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Jack Rose - An Appreciation By Frances Morgan
Frances Morgan , December 17th, 2009 06:29

Frances Morgan mourns the loss of a unique talent. Live picture by Laurent Orseau

Jack Rose's 'Red Horse' is a piece of acoustic guitar music that takes a good sixteen minutes to unfold, from the stealthy opening chords through to the rhythmic picking that thrums and chimes and gathers pace and momentum, almost tumbling into disorder occasionally but for a solid, lilting octave pattern that provides its bassline. To listen to its sure and graceful tread through time and space, as I'd listened to it for comfort many times before, on the day I heard of Rose's sudden death, was both beautiful and incredibly sad.

Virginia-born guitarist Jack Rose died from a heart attack on 5 December, aged 38. In the seven years since he recorded 'Red Horse' – the title track of his first album on Eclipse records, Red Horse, White Mule – he amassed a number of albums that are among the definitive guitar recordings of the decade. I could go so far as to say 'and beyond', but perhaps you shouldn't trust me on that because I'm not so good with acoustic guitars, at least not the American Primitive style set in place by the pioneering John Fahey and imitated many times over and influential – it couldn't not be – upon Jack Rose himself. There's much to admire in Fahey's playing, and that of the artists whose music he released on the Takoma label, but I always found it too fussy to truly love, preferring the older, more raw recordings of 1920s and 30s blues: Blind Willie Johnson, Lightnin' Hopkins, Charley Patton and others whose picks and slides seemed to hint at a world of chaos and deep-running, almost cosmic despair just kept at bay by their technique but never quite defeated by it.

It was this tension and sense of an encroaching wild emptiness that I felt I heard in Jack Rose's music, on Red Horse, White Mule and its companion Opium Musick, which VHF records brought together as Two Originals Of Jack Rose in 2004. I knew little about him and would never have presumed to describe the emotional state in which he approached his music-making, but it was all there in the sonics and in the texture, the attack on strings that seemed strung a little too loose, the thunk, occasionally, of guitar too near microphone, this instinctual sense of pace that could be strung-out or meditative or galloping from one refrain to the next. Alongside the American-style picking were tracks such as 'Yaman Blues', conversations between Indian raga and Mississippi blues that seemed wholly unforced; yet, lest this sound a little too new age-y, these more drone-led tracks (also heard to great effect on compilation Raag Manifestos) demonstrated a sensibility to noise and to atonal, experimental music, and how it can be worked into the most delicate of melodies to create harshly gorgeous structures such as Raag Manifestos' 'Tower Of Babel'.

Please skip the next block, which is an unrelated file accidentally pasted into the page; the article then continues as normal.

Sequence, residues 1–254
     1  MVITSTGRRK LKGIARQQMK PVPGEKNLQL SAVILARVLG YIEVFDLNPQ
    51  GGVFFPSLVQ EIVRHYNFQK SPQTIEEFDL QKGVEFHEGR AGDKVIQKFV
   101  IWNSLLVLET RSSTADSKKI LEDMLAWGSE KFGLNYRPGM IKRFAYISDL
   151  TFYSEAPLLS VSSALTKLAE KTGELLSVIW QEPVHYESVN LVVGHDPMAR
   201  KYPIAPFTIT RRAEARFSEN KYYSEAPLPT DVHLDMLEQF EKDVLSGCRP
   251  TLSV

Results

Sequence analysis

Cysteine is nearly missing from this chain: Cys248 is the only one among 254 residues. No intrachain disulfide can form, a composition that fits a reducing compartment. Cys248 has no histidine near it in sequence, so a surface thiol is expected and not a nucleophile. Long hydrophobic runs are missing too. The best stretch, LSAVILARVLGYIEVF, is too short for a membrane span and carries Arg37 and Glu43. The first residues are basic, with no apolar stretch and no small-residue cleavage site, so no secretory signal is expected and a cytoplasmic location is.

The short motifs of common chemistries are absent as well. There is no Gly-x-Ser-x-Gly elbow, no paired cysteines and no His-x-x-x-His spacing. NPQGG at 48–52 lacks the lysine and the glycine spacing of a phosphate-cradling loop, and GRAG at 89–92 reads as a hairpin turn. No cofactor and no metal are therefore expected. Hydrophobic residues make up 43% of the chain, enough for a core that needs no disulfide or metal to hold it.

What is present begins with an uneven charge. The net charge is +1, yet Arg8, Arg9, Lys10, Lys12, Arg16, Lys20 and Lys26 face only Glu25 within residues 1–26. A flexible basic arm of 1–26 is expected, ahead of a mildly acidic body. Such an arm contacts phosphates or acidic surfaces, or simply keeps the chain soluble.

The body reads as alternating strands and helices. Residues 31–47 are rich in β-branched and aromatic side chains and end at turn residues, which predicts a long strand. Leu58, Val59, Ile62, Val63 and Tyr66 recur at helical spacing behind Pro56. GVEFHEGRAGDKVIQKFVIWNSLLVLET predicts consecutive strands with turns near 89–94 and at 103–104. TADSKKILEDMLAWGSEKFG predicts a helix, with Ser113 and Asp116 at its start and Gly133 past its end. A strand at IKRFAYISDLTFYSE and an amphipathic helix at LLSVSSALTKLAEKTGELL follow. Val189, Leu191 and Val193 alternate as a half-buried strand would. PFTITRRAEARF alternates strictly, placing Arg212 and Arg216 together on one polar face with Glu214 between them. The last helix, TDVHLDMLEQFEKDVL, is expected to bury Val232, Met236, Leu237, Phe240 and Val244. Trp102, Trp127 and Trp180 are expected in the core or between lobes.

This exchange between devotional drones, experimental noise and traditional blues was one that Rose began in Pelt, the trio he joined in 1993. Pelt were my first exposure to Jack Rose, via the superlative psychedelic albums Techeod, Ayahuasca and Empty Bell Ringing In The Sky. Hearing these for the first time around 2003 or so blew my mind wide open to the possibilities of making DIY transcendental music, as Rose, with Patrick Best and Mike Gangloff, conjured cavernous spaces and earth hums with scraped, bowed and plucked strings, both acoustic and electric, and odd, overtoned metallic chimes. It's hard to describe Pelt without sounding like a dirty hippy, but that's my fault because really there's something very punk about their music; so pragmatic and necessary and urgent, even when there's a singing bowl in the mix.

And the attitude remained thankfully the same as Jack Rose concentrated more upon his solo career. Upstairs at the Garage, London, one night in 2004 or 5, growing ever more irritated at an inattentive audience chatting through his friend Glenn Jones' understated set, Rose's choice of audience heckle was inspired – “Limey no-teeth motherfuckers!” – but I think we would have stopped talking anyway. Then he put a small Hawaiian guitar flat across his knee and started to play slide. He seemed too big, too angry, to play such a sweet thing, but he did so, beads of sweat dripping from his hair onto the body of the instrument, pulling out each sharp, tremulous note like someone telling you something they had waited a long time to say. The following summer, I picked the music as my dad and I drove all night from Yorkshire to Pembrokeshire. I wanted his opinion, as a classically trained guitarist, on Jack Rose's Kensington Blues, then recently released, and he told me all the things Rose was doing 'wrong', and while we both came at that word from different angles (from me it's usually a compliment) we both arrived at the same place of admiration, feeling the intent every charged, elastic note as we drove into the morning. This was not music to relax to, even if its quieter moments could make you feel safe and complete.

At the end of a decade that seems to be coming to a particularly futuristic close, with a resurgence of interest in synthesiser musics of all stripes, we should not forget that there was quieter wave of traditional, acoustic forms coursing throught the 2000s. The middle of the decade saw a sort of historically aware but fundamentally imaginative approach to acoustic and folk music that, while it generated its share of dilettantes, produced some maverick, quite luminous, tough talents, people such as Josephine Foster, Alex Neilson, Alasdair Roberts, Jack Rose – who wrought all they needed from hands, wood, breath and fire. It is the saddest thing that one of the strongest voices of all will not be here in the decades to come.

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